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Raising college tuition would hurt everyone

Six community colleges and universities in the state may get permission to charge students by the credit hour instead of a flat tuition fee.

This would be a pilot program - an experiment - restricted to the six institutions.

Currently, full-time students pay the equivalent of 12 credit hours a semester, but can take up to 21 credit hours. Usually, students need to take 15 hours a semester to graduate in four years.

Going to an hourly rate would increase tuition for full-time students by an average of $1,400 per semester at those institutions, MetroNews reported.

A huge increase in tuition would be dangerous.

West Virginia has a low college-going rate and a low college-graduation rate. In addition, the state has an 11 percent default rate on student loans. The national average is 7.7 percent.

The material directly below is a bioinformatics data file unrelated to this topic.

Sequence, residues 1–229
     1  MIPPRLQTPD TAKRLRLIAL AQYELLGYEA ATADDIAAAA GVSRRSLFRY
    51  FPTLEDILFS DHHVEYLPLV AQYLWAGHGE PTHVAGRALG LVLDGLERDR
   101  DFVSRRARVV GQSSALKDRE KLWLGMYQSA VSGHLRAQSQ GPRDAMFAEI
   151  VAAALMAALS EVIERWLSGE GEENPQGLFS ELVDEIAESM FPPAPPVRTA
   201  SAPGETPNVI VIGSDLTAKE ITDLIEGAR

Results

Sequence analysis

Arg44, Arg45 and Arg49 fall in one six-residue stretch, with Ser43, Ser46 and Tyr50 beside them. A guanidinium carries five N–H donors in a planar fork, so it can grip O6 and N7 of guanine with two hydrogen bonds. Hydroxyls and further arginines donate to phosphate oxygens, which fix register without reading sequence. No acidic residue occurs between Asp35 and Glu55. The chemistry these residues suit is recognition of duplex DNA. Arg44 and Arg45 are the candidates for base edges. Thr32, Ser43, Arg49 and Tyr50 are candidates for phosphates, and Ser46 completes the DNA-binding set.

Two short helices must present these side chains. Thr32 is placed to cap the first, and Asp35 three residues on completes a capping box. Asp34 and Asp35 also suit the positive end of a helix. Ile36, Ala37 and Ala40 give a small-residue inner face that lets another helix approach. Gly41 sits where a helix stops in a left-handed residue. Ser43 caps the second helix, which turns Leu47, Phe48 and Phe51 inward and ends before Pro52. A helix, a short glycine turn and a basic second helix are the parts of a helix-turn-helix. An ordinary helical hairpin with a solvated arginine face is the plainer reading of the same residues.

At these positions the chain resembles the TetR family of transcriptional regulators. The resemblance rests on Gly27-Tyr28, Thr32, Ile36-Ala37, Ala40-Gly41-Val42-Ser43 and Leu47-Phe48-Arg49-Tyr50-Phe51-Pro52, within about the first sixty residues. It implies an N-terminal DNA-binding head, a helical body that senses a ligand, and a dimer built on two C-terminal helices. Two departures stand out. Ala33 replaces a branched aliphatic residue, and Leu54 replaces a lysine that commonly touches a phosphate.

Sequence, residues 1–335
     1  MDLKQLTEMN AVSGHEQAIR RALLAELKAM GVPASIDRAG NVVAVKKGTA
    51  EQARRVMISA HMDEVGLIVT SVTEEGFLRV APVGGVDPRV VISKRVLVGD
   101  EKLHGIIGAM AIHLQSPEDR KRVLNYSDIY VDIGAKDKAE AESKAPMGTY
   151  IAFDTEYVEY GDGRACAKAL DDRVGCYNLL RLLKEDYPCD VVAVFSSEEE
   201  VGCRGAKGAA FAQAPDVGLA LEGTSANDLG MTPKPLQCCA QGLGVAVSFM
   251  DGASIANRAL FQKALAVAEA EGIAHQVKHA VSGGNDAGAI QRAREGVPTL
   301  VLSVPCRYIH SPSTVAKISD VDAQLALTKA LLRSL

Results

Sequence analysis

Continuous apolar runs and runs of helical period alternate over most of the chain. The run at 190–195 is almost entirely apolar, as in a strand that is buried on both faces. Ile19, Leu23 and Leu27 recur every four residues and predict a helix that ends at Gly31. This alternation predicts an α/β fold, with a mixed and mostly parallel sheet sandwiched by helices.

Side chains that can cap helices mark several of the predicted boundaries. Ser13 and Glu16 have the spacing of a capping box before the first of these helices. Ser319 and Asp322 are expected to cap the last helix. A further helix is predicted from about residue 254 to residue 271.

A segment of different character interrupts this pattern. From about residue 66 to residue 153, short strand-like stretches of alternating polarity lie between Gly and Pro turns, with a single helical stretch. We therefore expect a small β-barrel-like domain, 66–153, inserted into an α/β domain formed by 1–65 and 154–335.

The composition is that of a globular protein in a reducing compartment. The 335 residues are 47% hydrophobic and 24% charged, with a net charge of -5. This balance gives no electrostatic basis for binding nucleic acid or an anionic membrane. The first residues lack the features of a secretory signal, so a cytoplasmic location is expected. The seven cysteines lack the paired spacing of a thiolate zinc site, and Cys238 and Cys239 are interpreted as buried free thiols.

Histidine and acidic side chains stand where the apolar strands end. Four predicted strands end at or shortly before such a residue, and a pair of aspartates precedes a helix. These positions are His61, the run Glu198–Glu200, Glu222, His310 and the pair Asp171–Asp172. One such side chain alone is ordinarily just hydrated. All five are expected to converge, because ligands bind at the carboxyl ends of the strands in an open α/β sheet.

Increasing tuition by hundreds or thousands of

dollars a year would further discourage students from entering college, make it harder for them to graduate in six years, and increase the student loan debt for a population that already has a high default rate.

This is not the direction colleges should go.

The argument is that part-time students, who pay by the credit hour, are in effect subsidizing full-time students, who pay a flat fee.

That hardly seems fair. One way colleges could make up the difference is to reduce the hourly charges for part-time students.

Instead, under the proposed legislation, six community and four-year colleges would rake in millions more from full-time students. That is shortsighted.

Tuition increases draw competition. Already, online schools such as the University of Phoenix are peeling students away from brick-and-mortar institutions.

Per-credit hour fees may make sense, but the change should be revenue neutral.

The state hardly needs a drop in college graduates and an increase in student loan defaults.

Raising tuition would produce both.



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